Expectations Are Finally High Enough for Sky High Inflation
The latest seasonally adjusted inflation rate for November was .76% month over month, with a non-seasonally adjusted annual rate of 6.81%.
These numbers were generally in line with mainstream expectations that have finally gotten high enough to match the blistering hot inflation numbers coming out month after month.
Remember in June when the Fed expected 2021 inflation to come in below 4%? December has not officially printed yet, but it’s safe to say the Fed was very wrong.
The Fed also said that inflation expectations were their biggest concern. They wanted to ensure that inflation expectations were well anchored. Unfortunately, it appears inflation expectations have finally risen to match the price increases seen in the CPI. Additionally, the price increases are not concentrated in select goods as they were earlier in the year.
As the chart below shows, the main drivers were across the board again. The highest weighted categories are all moving up significantly: energy, food, shelter, and commodities.
Figure: 1 Month Over Month Inflation
The year-over-year chart below shows how commodities (goods) and energy have really been driving the numbers this year (responsible for 3.91% of the 6.76%). Shelter is starting to contribute as well, responsible for 1.28% of the YoY move compared to .64% in November 2020.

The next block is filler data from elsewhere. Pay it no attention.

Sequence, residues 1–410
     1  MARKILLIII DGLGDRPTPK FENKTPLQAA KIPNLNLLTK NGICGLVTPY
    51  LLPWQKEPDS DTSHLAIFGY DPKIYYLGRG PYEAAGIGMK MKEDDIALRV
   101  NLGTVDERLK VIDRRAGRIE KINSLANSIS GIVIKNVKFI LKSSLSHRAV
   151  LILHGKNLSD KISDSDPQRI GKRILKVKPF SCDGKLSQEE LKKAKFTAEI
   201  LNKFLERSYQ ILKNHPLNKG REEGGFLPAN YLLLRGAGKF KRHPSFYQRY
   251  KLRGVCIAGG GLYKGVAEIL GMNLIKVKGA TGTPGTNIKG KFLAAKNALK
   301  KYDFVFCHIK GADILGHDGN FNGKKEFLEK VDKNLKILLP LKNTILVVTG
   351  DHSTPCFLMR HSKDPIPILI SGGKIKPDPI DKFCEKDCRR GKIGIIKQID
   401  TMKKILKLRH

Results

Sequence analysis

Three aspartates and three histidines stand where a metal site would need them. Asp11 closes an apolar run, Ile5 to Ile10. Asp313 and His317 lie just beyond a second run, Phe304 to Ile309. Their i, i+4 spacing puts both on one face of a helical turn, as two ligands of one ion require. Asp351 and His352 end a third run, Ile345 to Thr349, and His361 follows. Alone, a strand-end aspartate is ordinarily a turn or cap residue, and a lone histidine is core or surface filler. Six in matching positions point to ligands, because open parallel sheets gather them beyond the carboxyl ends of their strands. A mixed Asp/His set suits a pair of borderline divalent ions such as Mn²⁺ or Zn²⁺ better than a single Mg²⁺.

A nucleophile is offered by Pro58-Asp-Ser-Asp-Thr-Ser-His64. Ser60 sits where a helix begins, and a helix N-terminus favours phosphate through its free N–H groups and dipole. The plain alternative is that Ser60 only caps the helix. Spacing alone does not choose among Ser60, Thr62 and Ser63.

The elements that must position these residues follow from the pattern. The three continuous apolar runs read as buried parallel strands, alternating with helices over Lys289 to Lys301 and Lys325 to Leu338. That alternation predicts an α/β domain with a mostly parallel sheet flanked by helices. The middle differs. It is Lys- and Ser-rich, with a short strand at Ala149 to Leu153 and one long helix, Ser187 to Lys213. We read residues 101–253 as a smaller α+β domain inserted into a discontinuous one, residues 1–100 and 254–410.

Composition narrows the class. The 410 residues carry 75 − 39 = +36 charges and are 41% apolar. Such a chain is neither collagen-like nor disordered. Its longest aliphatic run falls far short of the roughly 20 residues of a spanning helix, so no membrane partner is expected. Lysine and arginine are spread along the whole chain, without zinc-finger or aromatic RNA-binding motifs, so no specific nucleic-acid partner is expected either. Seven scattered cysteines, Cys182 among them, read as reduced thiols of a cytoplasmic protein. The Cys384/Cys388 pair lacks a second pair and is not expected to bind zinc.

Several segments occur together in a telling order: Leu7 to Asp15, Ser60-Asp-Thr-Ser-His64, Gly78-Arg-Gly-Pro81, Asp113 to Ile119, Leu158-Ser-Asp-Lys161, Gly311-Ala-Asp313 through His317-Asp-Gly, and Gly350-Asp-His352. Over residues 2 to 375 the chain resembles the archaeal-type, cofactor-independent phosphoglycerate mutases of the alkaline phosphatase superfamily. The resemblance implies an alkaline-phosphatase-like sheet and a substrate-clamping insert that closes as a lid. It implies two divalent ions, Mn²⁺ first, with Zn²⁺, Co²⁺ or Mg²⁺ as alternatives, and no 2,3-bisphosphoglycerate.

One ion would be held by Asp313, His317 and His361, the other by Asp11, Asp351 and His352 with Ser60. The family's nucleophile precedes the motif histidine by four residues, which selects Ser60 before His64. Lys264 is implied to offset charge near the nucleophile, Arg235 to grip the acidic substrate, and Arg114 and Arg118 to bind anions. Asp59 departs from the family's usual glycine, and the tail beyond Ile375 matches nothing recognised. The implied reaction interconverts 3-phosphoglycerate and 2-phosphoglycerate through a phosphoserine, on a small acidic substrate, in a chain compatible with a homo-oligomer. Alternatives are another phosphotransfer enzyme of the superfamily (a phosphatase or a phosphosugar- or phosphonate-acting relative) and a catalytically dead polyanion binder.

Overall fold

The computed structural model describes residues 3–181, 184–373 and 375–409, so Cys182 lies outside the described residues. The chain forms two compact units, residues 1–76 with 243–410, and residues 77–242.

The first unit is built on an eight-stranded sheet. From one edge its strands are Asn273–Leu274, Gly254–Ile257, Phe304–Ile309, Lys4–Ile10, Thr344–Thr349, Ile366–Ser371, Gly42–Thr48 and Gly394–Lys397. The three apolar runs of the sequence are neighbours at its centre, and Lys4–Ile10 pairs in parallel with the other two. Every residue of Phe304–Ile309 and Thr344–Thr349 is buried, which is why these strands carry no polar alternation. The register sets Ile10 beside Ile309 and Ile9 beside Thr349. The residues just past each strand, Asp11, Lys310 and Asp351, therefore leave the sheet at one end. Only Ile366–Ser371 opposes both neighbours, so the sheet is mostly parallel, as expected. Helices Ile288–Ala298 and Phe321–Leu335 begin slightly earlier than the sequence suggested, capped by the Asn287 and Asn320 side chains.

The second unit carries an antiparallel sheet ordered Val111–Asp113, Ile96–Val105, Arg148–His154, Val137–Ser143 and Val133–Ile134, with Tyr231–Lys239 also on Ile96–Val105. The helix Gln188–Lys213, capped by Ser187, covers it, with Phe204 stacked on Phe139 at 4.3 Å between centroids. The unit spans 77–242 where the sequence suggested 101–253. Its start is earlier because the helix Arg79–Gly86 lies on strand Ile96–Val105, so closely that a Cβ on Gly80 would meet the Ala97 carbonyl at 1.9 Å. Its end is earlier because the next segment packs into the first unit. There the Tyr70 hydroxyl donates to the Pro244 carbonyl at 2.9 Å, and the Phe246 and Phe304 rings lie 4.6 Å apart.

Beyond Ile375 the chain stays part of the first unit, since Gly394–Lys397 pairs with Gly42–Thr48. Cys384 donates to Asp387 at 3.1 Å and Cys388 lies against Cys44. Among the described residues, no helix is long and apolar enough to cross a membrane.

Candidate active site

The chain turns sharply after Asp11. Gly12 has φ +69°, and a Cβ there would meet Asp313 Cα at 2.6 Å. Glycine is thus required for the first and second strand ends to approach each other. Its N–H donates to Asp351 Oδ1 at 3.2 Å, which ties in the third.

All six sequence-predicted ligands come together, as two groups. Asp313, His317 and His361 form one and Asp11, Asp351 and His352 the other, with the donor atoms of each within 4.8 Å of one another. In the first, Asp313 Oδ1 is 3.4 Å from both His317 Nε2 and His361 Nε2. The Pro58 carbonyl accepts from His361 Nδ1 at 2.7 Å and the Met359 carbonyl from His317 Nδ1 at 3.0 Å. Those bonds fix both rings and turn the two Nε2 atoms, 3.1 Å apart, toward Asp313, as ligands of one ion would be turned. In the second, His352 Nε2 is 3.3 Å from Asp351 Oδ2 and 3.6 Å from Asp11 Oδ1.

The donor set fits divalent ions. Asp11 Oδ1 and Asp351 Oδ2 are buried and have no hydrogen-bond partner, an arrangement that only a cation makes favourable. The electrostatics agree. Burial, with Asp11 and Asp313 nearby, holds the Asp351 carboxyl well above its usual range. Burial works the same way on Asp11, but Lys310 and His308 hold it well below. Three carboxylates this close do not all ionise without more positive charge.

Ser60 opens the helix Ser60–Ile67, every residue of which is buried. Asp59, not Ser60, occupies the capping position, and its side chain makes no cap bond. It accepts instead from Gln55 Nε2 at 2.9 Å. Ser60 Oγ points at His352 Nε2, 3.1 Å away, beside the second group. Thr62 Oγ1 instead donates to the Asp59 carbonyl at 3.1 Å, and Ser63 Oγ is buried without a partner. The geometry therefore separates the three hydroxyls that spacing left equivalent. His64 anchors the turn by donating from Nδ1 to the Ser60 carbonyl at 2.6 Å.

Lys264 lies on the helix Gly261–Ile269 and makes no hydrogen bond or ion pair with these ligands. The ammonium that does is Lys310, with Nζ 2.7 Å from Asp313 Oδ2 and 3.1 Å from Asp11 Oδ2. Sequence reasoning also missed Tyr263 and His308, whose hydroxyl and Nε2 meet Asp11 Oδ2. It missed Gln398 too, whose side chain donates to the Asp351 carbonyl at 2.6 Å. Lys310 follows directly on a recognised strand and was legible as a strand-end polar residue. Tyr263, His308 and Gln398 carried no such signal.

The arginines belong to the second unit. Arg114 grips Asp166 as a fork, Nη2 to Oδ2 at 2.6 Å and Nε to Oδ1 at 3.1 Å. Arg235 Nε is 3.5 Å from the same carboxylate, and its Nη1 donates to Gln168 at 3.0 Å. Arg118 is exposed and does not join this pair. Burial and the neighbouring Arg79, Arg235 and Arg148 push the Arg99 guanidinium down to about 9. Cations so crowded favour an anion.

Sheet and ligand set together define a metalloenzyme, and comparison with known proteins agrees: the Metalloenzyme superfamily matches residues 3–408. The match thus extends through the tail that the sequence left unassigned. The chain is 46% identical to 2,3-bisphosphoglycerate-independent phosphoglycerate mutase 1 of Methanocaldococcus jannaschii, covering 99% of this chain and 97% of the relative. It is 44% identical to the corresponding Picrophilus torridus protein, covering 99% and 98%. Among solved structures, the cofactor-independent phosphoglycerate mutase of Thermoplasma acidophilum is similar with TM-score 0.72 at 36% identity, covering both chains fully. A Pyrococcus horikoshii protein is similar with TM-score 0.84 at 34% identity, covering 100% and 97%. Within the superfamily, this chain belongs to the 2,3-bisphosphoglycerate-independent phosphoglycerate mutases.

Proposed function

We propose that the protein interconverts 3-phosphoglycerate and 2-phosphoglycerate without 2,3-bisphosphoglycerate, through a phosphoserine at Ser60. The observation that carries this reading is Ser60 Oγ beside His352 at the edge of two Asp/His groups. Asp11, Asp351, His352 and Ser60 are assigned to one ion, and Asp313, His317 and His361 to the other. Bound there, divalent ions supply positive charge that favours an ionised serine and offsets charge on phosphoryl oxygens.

Figure: 2 Year Over Year Inflation
The chart below compares the recent numbers with the year-over-year monthly average. The only category in negative territory is Recreation which was primarily driven by a fall in three categories: “Cable and satellite TV Services” (-.2%), “Video discs and other media, including rental of video” (-1.8%), and “Admission to sporting events” (-4.8%). At a total category weighting of 3.7%, these price falls are doing little to offset the other moves.
Shelter is another category that has been heating up lately. As discussed previously, there is no doubt that housing costs are grossly understated in the CPI. But even the heavily doctored CPI is showing an annualized increase of 6.17% in Shelter. Although this is still probably half the actual rate, this will keep inflation numbers elevated in the months ahead even if Energy prices continue to pull back due to Omicron.
Figure: 3 MoM vs TTM
The table below gives a more detailed breakdown of the numbers. It shows the actual figures reported by the BLS side by side with the recalculated and unrounded numbers. The weighted column shows the contribution each value makes to the aggregated number. Details can be found on the BLS Website. Some key takeaways: